Anticancer treatment – why does it hurt so much and can we make it easier for patients?

3 May 2018, 18:30 - 19:30
Cambridge campus

Chris Parris

Inaugural lecture with Professor Chris Parris

In the UK there are over 360,000 new diagnoses of cancer every year and this number is increasing yearly.

During our lifetime one in two of us will develop cancer and require some form of treatment, which may be surgery, radiotherapy and chemotherapy (or all three) depending on the type and extent of cancer spread. Most cancer treatments kill cancer cells by attacking and destroying the DNA of the cancer cells so that they are unable to divide and grow.

However, normal non-cancer cells in the body are also killed by anticancer treatment and because of this patients experience unpleasant and painful side effects. Common side-effects include hair and weight loss, reduced appetite and increased infections due to suppression of the immune system. Cancer and normal cells can repair the damage to DNA during treatment and most cells have complicated DNA repair systems to reverse the effects of anticancer treatment. This lecture will explore how we can measure DNA repair in normal and cancer cells and use this information to develop individualised treatment to avoid side effects and make treatment more tolerable for cancer patients.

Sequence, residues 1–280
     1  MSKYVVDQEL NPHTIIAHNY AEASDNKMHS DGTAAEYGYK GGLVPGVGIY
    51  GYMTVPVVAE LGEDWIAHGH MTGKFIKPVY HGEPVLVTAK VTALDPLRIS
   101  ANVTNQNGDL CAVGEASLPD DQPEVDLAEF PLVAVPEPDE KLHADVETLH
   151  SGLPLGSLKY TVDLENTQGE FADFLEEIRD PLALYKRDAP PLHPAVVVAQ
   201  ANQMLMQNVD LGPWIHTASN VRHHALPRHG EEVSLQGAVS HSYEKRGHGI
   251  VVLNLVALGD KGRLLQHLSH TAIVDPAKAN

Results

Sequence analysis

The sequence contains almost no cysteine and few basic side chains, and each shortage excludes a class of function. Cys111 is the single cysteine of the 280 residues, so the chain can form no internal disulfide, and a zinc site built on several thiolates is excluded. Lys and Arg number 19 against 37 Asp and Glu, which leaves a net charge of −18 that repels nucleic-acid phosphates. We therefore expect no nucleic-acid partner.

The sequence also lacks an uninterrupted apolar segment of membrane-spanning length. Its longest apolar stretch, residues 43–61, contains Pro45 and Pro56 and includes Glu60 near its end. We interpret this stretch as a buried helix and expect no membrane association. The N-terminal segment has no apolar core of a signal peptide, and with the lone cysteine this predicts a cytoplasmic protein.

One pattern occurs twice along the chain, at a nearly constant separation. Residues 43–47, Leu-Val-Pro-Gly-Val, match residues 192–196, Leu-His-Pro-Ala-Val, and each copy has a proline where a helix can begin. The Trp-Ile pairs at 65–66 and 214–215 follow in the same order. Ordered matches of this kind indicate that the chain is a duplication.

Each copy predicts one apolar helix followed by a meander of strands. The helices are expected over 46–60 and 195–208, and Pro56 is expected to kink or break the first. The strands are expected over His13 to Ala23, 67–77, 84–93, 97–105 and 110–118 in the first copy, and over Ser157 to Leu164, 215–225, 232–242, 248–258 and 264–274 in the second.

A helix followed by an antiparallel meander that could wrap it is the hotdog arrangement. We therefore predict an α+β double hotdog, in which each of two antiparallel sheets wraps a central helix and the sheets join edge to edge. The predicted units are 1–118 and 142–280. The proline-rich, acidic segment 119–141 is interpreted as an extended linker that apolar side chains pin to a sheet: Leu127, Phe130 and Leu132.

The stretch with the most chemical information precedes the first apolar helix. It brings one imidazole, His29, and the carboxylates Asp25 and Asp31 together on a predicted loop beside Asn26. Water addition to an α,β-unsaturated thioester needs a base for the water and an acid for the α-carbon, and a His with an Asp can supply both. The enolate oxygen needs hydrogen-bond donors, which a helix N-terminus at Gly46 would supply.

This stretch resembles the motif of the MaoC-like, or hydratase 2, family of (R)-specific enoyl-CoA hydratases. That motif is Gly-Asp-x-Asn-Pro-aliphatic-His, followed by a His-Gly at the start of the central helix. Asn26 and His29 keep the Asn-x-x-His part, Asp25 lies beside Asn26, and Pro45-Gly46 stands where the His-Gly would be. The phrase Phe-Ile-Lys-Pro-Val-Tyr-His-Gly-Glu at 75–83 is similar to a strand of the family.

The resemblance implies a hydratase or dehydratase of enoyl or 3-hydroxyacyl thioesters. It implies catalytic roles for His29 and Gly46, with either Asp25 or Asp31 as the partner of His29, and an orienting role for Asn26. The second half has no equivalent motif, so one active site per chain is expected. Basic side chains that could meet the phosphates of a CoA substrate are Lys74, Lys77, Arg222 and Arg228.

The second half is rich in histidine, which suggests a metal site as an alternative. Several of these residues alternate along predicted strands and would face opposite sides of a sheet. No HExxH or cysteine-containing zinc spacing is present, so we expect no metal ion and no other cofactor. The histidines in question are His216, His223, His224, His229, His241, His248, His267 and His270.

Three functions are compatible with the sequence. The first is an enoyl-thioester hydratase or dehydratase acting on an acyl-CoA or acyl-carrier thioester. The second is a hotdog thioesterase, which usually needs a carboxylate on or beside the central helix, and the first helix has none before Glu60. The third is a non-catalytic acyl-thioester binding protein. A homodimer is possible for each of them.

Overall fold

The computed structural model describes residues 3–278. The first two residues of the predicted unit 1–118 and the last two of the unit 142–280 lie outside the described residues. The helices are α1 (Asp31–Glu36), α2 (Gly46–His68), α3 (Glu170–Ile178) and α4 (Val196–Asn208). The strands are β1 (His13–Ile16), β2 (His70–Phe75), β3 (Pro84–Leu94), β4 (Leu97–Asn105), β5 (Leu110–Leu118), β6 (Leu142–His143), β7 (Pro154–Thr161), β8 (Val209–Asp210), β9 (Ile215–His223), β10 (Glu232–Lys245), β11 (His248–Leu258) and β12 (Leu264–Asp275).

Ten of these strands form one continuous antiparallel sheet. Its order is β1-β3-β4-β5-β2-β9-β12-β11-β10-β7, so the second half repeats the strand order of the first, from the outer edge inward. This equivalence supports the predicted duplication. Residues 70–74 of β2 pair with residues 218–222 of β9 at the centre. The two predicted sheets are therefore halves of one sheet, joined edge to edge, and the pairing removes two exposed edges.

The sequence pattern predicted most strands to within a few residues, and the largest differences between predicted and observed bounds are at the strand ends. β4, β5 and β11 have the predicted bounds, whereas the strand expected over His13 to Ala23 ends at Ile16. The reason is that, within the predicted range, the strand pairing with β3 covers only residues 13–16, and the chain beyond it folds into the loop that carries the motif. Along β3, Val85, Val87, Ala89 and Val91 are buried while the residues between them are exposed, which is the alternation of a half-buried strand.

Professor Chris Parris arrived at Anglia Ruskin University in April 2017, where he is Head of the Department of Biomedical and Forensic Science, in the Faculty of Science & Technology. Previously, Chris was employed at Brunel University West London where he was Head of the Biosciences Division in the College of Health and Life Sciences.

Chris completed his first degree in Biology at Nottingham University and after a short period as a qualified Biomedical Scientist in the NHS, completed his PhD in the cell biology of cancer at University College London in 1989. Chris is an active researcher and has developed a thriving research group in the area of human DNA repair mechanisms and how inherited defects in DNA repair leads to extreme patient sensitivity to DNA damaging and increased cancer risk.

Event Details

3 May 2018, 18:30 - 19:30
Cambridge campus
Science Centre, SCI105

Please book online.